General Motors Co. has a relatively high standing among Wall Street analysts even though shares of the largest U.S. automaker have fallen during their first six months of trading.
The CHART OF THE DAY compares the overall rating on GM, as compiled by Bloomberg from brokerage recommendations, with the stock’s price since its market debut on Nov. 18.
GM is rated higher than 90 percent of the companies in the Standard & Poor’s 500 Index, according to Bloomberg’s data. The Detroit-based company stands at 4.47 on a 1-to-5 scale, with 5 meaning unanimous “buy” ratings. Even so, the stock has fallen as low as $29.17, down 12 percent from the original price.
“Few analysts seem concerned” that GM is struggling to live up to expectations at the time of the automaker’s initial public offering, H. Peter Nesvold, an analyst at Jefferies & Co., wrote two days ago in a report.
Earnings before interest and taxes, a profitability gauge, for GM’s North American and emerging-market auto business were 30 percent below initial projections for the first quarter, Nesvold wrote. He determined the shortfall by reviewing data from six brokerages that led the IPO.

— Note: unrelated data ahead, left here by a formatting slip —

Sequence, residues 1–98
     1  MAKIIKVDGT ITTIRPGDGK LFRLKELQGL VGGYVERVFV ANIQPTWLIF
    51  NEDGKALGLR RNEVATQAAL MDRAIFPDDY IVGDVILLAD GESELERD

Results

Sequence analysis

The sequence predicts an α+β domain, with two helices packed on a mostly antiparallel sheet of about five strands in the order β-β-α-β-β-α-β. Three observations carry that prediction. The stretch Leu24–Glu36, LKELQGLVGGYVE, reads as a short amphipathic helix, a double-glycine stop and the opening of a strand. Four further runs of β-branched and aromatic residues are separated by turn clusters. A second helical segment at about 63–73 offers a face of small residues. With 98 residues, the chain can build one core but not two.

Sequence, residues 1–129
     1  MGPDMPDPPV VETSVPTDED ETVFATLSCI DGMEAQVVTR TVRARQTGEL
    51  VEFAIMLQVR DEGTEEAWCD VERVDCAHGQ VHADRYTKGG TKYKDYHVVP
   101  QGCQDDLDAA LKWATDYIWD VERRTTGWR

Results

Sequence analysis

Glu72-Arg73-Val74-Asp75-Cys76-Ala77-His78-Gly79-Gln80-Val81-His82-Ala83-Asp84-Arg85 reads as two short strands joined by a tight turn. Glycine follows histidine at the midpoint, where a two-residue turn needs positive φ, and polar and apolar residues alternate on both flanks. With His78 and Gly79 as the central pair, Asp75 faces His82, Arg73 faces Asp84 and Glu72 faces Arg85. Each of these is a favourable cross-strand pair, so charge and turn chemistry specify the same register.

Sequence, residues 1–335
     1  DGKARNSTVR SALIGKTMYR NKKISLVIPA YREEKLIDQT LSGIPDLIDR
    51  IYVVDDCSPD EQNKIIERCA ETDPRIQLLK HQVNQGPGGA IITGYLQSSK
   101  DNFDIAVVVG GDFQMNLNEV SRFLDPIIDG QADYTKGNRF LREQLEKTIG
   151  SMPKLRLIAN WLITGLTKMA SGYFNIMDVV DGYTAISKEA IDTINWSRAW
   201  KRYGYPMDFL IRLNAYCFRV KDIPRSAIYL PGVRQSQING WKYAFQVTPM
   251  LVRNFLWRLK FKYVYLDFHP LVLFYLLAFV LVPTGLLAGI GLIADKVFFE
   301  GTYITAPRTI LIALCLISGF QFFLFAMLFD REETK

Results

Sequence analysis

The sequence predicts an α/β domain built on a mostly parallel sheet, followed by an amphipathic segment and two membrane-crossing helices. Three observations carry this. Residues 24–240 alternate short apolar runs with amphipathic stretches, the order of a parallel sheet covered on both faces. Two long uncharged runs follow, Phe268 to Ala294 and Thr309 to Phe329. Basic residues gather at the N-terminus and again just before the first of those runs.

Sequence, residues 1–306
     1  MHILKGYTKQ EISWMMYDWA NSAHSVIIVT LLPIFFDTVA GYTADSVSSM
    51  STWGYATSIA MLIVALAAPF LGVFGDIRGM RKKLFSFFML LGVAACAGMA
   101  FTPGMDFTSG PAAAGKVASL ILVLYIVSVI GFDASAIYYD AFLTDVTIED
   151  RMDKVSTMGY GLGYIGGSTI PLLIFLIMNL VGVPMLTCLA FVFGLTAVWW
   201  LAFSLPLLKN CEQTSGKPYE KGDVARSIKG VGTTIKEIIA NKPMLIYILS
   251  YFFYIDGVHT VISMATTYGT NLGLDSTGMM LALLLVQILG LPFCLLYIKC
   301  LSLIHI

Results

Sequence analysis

Nesvold, who made Zacks Investment Research’s All-Star Analyst Survey list while at Bear Stearns Cos., has rated GM “hold” since he began following the automaker on March 18. In the next 12 months, he sees the stock reaching $36, the lowest projection of 12 analyst estimates compiled by Bloomberg.
The U.S. Treasury has decided against selling more shares of GM before August, according to two people familiar with the decision. The Treasury accounted for most of the IPO’s shares and still has a 33 percent stake.